Returning to Antinoupolis by satellite photo

Today I found myself looking at the splendid map of Antinoupolis in the Description de l’Egypte, made by Napoleon’s engineers.  When it was made, in the 1790’s, the Roman city still stood on the high ground – above the level of the Nile flood – to the east of a wretched village named Sheikh Abade.

On a whim I went to Google Maps.  The site is between Minya and Mellawi in middle Egypt.  I rotated the aerial photo as best I could (with ctrl-click+drag), to line it up with Jomard’s plan.  Then I screen grabbed them both.

Looking at Jomard requires the high-resolution scan available at Heidelberg, and you can zoom and zoom.  So this is just a low-res overview:

antinoupolis_map_napoleon

And here is a screen grab of the site today – for the inhabitants are busily bulldozing the monuments, so it may not be so tomorrow.  Link is here, so you can zoom for yourself!

antinoupolis_20161119

The surveyors did make some mistakes.  The massive brick wall that surrounded the late antique city is not a rectangle, but tapers toward the top.

But it is amazing to see that the main two streets can clearly be seen, even at this resolution.

In fact I started to mark up a few sites:

antinoupolis_20161119_highlights

In the southern section of the city, to the right, the grid of the streets seems almost visible to me, running north of the street “with Doric columns” marked by Jomard.  The “amphitheatre” must be a theatre, I suppose.

I was looking for the site of the magnificent west gate, labelled a triumphal arch.  On the plan it is thus:

antinoupolis_jomard_arc_de_trioumph

The gate is marked clearly, with two avenues of granite columns before it.  Notice the point B marked on it – this is the place from which the drawing below was made.

Zooming in on the modern image, nothing is to be seen.  The road from the north is plainly the Roman road, however.

antinoupolis_20161119_site_of_arch

It is amusing to note that Jomard marks palm trees in the area; and palm trees are still visible, their hard black shadows plain on the aerial photo.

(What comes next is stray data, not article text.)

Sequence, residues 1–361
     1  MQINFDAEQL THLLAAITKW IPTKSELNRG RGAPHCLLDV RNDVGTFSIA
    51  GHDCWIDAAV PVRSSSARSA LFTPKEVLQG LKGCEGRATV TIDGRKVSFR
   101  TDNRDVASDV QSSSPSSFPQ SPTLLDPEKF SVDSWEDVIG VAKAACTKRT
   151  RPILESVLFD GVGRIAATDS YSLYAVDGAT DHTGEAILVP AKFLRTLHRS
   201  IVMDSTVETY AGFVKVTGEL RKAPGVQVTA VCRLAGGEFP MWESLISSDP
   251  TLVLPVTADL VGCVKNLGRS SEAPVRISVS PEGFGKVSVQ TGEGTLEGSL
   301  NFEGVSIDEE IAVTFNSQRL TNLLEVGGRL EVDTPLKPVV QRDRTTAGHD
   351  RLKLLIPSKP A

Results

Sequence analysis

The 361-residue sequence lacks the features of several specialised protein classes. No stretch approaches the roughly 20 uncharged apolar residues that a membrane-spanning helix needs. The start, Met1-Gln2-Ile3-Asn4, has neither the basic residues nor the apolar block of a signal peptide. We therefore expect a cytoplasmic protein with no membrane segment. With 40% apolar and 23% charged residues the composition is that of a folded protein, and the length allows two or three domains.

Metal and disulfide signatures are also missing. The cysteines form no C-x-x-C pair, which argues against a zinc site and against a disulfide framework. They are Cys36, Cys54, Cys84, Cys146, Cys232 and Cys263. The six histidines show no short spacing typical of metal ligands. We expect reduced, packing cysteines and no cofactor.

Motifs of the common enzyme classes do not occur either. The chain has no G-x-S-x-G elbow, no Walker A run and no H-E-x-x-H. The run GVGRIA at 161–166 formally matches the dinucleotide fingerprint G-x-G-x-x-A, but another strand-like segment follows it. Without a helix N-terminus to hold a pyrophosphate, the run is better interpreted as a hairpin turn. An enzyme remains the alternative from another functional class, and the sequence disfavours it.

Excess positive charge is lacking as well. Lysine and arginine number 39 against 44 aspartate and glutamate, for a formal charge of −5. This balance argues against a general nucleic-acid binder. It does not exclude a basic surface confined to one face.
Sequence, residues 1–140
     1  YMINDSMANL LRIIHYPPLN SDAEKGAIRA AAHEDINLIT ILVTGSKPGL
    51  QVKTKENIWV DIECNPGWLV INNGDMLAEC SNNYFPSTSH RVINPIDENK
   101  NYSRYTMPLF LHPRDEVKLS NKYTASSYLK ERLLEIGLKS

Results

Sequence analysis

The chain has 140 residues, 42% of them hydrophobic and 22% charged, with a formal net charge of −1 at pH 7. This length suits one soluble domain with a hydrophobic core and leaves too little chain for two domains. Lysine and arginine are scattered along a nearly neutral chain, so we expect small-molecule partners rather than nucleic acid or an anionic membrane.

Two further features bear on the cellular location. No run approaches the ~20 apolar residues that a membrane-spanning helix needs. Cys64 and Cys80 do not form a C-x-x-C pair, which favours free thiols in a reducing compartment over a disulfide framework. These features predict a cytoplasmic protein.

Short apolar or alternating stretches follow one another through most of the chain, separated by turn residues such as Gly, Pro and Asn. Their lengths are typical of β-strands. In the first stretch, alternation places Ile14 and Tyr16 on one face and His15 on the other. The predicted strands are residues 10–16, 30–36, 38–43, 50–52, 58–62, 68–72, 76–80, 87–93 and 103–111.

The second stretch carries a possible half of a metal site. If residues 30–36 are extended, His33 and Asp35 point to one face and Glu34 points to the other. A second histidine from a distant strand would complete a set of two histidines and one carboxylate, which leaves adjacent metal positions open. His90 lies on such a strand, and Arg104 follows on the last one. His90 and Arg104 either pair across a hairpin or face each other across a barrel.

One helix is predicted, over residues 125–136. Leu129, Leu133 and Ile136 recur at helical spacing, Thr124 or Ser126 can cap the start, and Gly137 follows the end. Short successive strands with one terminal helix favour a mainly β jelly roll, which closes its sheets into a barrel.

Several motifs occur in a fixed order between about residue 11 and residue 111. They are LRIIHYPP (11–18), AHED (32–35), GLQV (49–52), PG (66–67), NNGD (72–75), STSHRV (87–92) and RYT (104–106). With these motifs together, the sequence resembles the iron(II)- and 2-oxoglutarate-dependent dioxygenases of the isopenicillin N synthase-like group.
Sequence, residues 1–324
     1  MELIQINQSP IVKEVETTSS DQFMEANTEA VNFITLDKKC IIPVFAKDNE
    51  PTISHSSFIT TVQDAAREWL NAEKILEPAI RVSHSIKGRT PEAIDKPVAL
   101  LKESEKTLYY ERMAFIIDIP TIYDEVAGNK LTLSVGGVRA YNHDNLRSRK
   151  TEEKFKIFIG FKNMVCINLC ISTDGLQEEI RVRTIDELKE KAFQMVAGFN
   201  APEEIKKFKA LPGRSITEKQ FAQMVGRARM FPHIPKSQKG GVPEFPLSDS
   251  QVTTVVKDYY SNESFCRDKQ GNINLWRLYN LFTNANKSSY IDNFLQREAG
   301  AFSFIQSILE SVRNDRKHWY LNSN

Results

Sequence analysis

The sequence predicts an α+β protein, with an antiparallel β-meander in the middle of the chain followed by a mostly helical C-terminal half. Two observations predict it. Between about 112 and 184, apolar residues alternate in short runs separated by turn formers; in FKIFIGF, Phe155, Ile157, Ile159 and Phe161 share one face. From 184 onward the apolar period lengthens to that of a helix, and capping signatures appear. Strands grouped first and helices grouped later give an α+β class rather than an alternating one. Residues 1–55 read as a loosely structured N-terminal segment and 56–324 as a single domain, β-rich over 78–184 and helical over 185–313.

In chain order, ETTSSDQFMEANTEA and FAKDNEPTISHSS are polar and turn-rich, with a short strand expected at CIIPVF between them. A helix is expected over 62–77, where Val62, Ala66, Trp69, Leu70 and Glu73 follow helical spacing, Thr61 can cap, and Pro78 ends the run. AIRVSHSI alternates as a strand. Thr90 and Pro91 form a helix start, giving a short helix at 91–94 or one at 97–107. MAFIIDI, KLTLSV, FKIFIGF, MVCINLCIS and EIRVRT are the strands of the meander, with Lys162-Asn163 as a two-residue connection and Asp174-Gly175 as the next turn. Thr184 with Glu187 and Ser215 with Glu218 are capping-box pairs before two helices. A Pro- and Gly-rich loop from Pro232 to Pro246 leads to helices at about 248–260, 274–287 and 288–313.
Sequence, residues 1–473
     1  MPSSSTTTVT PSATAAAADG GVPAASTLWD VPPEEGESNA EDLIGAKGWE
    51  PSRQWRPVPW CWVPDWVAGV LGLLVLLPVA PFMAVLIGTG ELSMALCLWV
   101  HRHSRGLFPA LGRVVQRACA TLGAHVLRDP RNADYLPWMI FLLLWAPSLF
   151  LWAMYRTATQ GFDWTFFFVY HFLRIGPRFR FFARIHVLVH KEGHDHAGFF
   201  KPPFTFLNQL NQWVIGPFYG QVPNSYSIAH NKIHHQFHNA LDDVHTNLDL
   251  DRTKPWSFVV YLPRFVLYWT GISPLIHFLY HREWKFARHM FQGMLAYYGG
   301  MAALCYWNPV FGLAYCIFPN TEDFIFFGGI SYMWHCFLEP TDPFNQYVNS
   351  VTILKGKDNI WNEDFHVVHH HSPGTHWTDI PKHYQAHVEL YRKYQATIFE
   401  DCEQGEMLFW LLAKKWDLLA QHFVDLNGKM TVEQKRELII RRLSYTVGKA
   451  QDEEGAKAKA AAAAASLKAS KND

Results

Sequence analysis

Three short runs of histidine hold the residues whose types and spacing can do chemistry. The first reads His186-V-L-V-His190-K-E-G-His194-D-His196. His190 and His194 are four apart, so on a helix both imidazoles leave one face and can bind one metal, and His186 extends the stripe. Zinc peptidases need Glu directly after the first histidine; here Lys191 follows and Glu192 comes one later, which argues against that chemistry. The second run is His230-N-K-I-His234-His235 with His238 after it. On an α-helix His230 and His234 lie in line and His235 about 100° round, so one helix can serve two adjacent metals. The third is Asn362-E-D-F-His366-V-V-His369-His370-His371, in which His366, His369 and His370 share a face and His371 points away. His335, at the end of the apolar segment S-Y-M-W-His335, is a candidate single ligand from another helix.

Hadrian’s monumental stone arch is gone; but the palm trees that once stood nearby remain.

Jomard gives us this impression of what it looked like, looking from Antinoupolis west towards the village and the Nile.

antinoupolis_jomard_pl_57_arc_de_triomph

I would surmise that the side facing the village had suffered more losses of stone.

Jomard also gives detailed measurements and drawings of elements of the arch.

In his “explication des planches” in the same volume, he gives the following description of the scene.

This monument is the best preserved in the whole city.  Nothing is missing from the edifice that would make its restoration at all doubtful.  In front of the little Corinthian pilasters, there were granite columns, which are all missing; only the pedestals remain, and these are very ruinous, as may be seen in the engraving.  In front of the triumphal arch, the village of Sheikh Abade may be seen; between the houses and the monument are the columns of granite that still exist (see the explanations of plate 58 and 53).  The date palms, which are very numerous around the building, contribute to render this view one of the most picturesques of the ruins of Antinoe.  here and there some villagers can be seen, attentively watching the French engineers and artists engaged in recording the triumphal arch.

Plate 58 consists of plans and elevations of the arch, and the “explication” of measurements.

The note for plate 53 mentions that the engraver has drawn too small the streets in the village of Sheikh Abade.

I do wish that it was possible to safely visit the site today.  Doubtless an archaeologist with local contacts could do so; a lone tourist might risk abduction.

4 thoughts on “Returning to Antinoupolis by satellite photo

  1. Very interesting – thank you for all the work on it!

    The engraver does not (so far as I can see) clearly indicate the church-made-mosque with shrine of the saint: is it discussed (he asked lazily)? There is only one building with a dome that obviously looks like a mosque (to me) in the satellite photo – I wonder if that is it, or whether it has been razed and that is another – at the same or a different location?

  2. I am following you blog periodically, when life permits me, and I see that you have reached the domain of my profession, Remote Sensing. Google Earth, the application not the website, has a historical imagery bar. You can use it to go backward in time and see all the georeferenced images in the Google Earth database. For the US the oldest image in Google Earth at high resolution (aerial imagery) is the mid 1990s DOQQs and if you zoom out to Landsat resolution you can go back all the way to Landsat 1 in 1972. I have not worked with Egypt. What is certain though is that there are several historical aerial images in several collections. very likely all of Egypt was aerially photographed during WWII by both sides. The US has long released all its wartime aerial imagery, what the British colonial administration has done I have no idea. The best place to hunt for American imagery, satellite and aerial, is USGS Earth Explorer, where you can download at will whatever you wish: do not be disparaged by the Order window, its just that the imagery is too big a file so you order it for free and they send you an e-mail with a link to download the imagery several minutes to hours later. I have good reason to believe that in the Imperial War Museum or some other collection of WWII artifacts you can find British and German aerial imagery of Antinoupolis, whether they have scanned and put it online (let alone orthorectify it) is another issue.

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